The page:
References to Dalian Mengxin Ocean Fisheries activities in Ghana and Sierra Leone were also found on at least five Chinese online public platforms including Jobui, China import and export yellow pages, Emis, Yjbys and Liepin. The site Yjbys states that “12 offshore fishing vessels were built in 2012” and “went to the Ghanaian waters of Africa for ocean fishing.” The site Jobui openly references the fact that “the company has more than 30 offshore fishing vessels, all operating in Sierra Leone and Ghana in Africa.”

These public references further demonstrate the link between Dalian Mengxin Ocean Fisheries and their vessels operating in Ghana and Sierra Leone, which are contravening the Ghanaian law that prohibits joint foreign ownership ventures.

Who is Dalian Mengxin Ocean Fisheries?

Evidence shows that half of Dalian Mengxin Ocean Fisheries is owned by two people: Dou Yongmeng and Lin Huimei, who jointly co-own an additional two companies: Dalian Mengyuan Aquatic Products and Dalian Shun Yue Ship Freight.

Along with 100 other selected Chinese companies operating in distant waters, Dalian Mengxin Ocean Fisheries benefits from a special status via a certification scheme which denotes it as an “offshore fishery enterprise of the Ministry of Agriculture”. This gives the company access to subsidies, including for boat building and fuel, as well as tax exemption.

Dalian Mengxin Ocean Fisheries is also known as Dalian Mengxin Yuanyang Fishery, which lists as an associate Dalian Hailufeng Oceanic Fisheries Development, a company that claims on its website to have “considerable influence in African countries”, listing Ghana, Ivory Coast, Cameroon, Angola and Nigeria as countries in which the company has “obtained the fishing permits issued by governments”.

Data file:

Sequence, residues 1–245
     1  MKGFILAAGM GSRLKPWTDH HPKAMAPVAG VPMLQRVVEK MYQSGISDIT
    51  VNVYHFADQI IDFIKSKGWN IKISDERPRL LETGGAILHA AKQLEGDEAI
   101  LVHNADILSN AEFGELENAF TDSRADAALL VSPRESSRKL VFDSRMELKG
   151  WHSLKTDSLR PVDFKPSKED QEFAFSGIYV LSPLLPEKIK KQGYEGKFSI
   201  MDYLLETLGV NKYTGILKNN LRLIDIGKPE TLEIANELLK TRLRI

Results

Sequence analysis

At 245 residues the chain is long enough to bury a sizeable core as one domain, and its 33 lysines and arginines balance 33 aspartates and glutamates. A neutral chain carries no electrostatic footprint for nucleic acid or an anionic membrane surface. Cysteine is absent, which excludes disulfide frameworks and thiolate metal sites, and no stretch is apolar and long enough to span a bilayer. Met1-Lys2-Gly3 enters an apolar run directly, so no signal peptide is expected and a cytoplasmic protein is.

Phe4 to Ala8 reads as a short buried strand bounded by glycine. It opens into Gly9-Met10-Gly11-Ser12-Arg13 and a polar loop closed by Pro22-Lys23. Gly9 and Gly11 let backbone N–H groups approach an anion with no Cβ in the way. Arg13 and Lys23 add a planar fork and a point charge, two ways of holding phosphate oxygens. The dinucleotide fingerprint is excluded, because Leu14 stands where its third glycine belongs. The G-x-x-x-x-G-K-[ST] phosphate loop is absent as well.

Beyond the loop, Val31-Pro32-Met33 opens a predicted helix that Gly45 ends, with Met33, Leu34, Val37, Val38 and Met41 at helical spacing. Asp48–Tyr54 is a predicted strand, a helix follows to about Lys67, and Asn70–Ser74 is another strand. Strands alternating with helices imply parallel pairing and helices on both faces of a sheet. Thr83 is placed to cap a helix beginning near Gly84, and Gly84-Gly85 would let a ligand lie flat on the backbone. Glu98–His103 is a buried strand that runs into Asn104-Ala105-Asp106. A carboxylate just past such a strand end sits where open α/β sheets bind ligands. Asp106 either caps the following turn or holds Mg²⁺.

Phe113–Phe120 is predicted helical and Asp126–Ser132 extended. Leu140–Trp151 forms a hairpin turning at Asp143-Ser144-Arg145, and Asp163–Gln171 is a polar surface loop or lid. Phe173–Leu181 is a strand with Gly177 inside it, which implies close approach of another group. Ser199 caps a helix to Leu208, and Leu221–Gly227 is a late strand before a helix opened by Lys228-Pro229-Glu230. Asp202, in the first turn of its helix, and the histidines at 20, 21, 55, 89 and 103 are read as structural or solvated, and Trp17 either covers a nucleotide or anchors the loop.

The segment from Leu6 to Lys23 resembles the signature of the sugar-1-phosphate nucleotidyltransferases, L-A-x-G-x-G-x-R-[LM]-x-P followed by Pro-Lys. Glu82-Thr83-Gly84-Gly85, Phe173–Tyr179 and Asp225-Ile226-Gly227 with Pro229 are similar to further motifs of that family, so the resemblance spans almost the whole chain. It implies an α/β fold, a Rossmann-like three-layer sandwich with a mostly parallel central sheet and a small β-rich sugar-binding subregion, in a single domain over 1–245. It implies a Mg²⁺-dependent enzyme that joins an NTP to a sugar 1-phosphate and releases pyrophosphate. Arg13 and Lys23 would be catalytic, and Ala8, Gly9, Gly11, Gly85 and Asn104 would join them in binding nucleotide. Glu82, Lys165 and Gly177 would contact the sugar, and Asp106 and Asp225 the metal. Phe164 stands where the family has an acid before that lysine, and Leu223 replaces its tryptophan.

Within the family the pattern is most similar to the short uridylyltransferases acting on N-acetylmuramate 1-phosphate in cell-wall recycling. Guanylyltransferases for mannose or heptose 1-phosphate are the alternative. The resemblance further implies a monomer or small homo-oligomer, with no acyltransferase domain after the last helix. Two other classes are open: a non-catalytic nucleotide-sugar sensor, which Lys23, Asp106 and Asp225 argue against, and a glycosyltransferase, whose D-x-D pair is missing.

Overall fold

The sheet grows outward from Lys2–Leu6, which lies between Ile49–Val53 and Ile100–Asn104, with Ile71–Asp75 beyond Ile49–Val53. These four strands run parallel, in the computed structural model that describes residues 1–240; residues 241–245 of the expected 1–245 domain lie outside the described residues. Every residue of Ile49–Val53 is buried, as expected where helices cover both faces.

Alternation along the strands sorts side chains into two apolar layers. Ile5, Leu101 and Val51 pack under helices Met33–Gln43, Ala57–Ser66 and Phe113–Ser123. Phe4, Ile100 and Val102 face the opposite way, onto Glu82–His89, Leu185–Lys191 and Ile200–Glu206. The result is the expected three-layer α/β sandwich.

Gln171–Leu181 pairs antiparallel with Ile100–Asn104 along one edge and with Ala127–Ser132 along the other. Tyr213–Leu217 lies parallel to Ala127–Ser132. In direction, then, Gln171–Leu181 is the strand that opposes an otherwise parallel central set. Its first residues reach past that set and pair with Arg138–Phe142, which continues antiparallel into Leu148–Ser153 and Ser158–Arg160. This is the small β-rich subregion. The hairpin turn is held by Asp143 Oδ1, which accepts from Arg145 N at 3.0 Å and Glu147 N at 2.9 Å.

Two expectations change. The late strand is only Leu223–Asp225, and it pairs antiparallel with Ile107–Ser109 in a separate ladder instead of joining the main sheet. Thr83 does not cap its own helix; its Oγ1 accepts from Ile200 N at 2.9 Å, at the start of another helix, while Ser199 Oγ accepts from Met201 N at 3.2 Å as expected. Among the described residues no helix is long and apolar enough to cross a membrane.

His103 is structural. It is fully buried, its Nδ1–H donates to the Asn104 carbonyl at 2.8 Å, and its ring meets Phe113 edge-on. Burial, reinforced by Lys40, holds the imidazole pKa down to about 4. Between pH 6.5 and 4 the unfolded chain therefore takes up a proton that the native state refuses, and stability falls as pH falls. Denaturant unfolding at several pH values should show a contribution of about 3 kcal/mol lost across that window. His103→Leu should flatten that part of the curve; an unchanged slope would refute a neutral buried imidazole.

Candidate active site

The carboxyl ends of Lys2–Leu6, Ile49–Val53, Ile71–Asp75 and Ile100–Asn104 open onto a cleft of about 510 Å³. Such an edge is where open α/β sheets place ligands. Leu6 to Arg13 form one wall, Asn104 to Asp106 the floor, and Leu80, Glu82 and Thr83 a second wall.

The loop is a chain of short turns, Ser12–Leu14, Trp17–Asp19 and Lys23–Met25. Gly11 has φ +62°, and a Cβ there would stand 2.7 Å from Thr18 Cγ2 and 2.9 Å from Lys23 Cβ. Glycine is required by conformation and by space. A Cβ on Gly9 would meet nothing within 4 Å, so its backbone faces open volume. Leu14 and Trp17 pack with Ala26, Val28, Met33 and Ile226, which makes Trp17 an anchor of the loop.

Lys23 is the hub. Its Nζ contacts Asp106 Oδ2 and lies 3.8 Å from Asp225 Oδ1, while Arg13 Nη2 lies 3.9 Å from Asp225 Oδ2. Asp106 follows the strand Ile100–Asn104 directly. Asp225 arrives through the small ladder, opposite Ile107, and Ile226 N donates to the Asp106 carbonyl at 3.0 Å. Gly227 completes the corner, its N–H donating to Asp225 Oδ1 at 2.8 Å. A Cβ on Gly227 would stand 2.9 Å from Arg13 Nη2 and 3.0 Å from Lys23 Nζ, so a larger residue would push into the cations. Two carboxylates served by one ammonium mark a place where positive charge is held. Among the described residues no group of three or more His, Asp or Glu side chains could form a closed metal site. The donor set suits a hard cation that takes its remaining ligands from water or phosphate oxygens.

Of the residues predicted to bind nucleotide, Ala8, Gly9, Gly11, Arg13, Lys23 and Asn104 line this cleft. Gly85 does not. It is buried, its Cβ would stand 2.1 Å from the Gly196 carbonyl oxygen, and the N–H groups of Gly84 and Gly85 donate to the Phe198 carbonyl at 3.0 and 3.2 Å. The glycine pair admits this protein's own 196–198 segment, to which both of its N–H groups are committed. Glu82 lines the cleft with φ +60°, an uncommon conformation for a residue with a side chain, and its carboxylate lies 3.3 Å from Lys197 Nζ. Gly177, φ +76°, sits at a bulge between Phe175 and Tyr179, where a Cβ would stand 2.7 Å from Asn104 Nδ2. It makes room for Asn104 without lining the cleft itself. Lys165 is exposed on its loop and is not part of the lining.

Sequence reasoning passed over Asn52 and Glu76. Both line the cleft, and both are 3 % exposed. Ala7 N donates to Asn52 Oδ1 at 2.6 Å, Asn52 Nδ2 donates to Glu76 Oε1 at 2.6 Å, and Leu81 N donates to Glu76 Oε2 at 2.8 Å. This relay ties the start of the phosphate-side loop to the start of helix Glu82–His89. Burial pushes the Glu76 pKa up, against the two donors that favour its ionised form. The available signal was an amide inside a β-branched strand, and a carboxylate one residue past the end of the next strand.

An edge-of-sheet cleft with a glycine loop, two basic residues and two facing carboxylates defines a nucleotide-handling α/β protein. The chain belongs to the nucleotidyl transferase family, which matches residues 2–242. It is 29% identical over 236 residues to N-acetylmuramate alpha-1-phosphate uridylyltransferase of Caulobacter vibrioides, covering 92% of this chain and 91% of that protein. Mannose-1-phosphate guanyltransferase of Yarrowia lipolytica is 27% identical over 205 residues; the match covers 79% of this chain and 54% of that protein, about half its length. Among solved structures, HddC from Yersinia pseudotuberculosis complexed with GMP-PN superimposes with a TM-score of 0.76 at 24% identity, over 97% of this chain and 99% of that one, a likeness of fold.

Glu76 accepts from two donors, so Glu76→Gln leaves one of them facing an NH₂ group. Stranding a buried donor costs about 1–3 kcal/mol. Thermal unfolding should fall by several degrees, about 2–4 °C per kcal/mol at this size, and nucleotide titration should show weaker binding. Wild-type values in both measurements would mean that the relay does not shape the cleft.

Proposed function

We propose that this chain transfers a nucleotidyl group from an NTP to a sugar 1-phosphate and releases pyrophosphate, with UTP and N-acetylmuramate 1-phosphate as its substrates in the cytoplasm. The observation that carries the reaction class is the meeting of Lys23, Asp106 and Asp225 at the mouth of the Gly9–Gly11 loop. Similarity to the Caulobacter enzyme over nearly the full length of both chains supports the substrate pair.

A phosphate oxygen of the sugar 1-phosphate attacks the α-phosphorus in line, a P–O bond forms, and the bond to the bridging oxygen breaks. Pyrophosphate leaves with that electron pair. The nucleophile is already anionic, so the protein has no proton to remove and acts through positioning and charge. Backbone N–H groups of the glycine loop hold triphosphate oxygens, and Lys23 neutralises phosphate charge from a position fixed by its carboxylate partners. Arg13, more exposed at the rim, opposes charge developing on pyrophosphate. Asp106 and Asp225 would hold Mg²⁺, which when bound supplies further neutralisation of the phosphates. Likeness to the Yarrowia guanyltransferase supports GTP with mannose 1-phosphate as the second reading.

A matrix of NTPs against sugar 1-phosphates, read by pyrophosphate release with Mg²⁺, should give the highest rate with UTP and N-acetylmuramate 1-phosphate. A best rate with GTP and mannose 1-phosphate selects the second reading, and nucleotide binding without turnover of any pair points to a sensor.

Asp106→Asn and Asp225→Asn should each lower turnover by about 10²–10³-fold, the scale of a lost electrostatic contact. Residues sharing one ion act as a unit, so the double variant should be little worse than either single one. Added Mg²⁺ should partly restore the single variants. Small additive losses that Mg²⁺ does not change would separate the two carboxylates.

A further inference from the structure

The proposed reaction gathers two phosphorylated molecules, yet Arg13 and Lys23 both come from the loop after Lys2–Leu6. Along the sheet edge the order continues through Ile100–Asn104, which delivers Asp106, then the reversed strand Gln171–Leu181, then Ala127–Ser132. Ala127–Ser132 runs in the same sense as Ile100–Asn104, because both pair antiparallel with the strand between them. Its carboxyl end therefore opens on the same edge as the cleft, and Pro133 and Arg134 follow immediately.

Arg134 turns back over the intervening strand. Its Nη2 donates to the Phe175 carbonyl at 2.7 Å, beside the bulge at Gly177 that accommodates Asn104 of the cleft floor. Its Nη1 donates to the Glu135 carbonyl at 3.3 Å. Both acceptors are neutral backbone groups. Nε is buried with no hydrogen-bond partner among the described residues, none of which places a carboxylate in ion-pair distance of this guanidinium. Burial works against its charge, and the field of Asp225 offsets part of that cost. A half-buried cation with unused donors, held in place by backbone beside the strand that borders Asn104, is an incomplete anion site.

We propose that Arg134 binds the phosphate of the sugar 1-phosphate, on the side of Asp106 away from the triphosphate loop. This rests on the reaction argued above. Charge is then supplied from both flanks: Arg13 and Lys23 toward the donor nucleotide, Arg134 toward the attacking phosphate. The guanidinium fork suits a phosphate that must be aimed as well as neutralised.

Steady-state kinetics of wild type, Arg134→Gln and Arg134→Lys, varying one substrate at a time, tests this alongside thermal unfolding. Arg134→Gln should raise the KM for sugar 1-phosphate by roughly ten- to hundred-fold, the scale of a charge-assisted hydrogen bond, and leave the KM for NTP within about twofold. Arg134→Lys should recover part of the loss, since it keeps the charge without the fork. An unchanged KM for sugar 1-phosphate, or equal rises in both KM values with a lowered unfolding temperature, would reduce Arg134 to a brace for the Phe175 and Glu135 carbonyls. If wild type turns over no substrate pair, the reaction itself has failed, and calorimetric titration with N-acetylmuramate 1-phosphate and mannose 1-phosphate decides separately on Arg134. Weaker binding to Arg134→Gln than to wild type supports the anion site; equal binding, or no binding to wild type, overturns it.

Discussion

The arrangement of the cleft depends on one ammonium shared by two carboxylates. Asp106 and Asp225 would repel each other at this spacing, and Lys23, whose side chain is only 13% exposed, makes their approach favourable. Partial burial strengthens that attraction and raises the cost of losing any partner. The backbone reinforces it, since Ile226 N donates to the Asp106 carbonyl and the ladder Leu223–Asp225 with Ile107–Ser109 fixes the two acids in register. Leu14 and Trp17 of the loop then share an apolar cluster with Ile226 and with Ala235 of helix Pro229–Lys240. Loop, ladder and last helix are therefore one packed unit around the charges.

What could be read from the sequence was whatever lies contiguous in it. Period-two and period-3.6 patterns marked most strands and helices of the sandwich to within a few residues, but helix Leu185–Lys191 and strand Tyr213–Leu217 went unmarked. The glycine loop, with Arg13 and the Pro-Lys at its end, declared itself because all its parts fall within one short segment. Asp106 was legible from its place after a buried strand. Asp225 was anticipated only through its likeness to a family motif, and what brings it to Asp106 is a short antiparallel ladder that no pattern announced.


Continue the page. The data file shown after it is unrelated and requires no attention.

The website Emis, which provides information on reported company profits, states that according to the “latest financial summary, Dalian Mengxin Ocean Fisheries reported an increase of 37.36% in net sales revenue in 2017. In 2017, Dalian Mengxin Ocean Fisheries Co Ltd’s net profit margin increased by 1.26%.”

Profit and loss

If the saiko business is generating profits – both for Chinese trawler owners and the local Ghanaian operators – the reality for the rest of the fishermen in the town of Elmina is bleak. Many are struggling to make money and pay off debts, and see little hope for an improvement in fish populations.

Forty-year-old Kofi Nkrumah, an artisanal fisherman from Elmina, laments that “there is no business in the sea for me. Things are bad. A fishing expedition costs us US$180-worth of fuel. The cost of food for the crew and others can all total to additional US$150”. Nkrumah indicated that they ply the whole week and only catch what can settle the cost of two days’ fishing.

In comparison, it is estimated that a foreign-owned trawler in Ghanaian waters can land up to 26 tonnes of fish a day, the equivalent of around 400 canoe trips like those undertaken by Nkrumah.

Nkrumah looks at the shore despairingly, his face weathered by the elements and worry about the future of his traditional trade, passed down through generations. Like many other fishermen in Ghana, he is hugely impacted by the saiko business.

The activities of trawlers in Ghana are “financially capacitating fishing crime,” says Belhabib. “[They are] hiding under the rug of local subsidiary practices and disturbing the very cultural fabric of traditional fishing.”

Whatever aspect of the saiko question is considered – its socioeconomic impact on coastal communities, the robustness of domestic Ghanaian law that strictly prohibits it, or the profits made by foreign-owned companies – it is clear to see that against a backdrop of near-impunity, saiko has evolved to become the most destructive fishing practice to hit Ghana’s once abundant seas.

* Some names have been changed

Mona Samari is the co-founder of the West Africa Fisheries Journalism Training Project, in partnership with Earth Journalism Network. Mona works as an independent consultant on ocean-related policy issues. 

This article appears courtesy of China Dialogue Ocean and may be found in its original form here

The opinions expressed herein are the author's and not necessarily those of The Maritime Executive.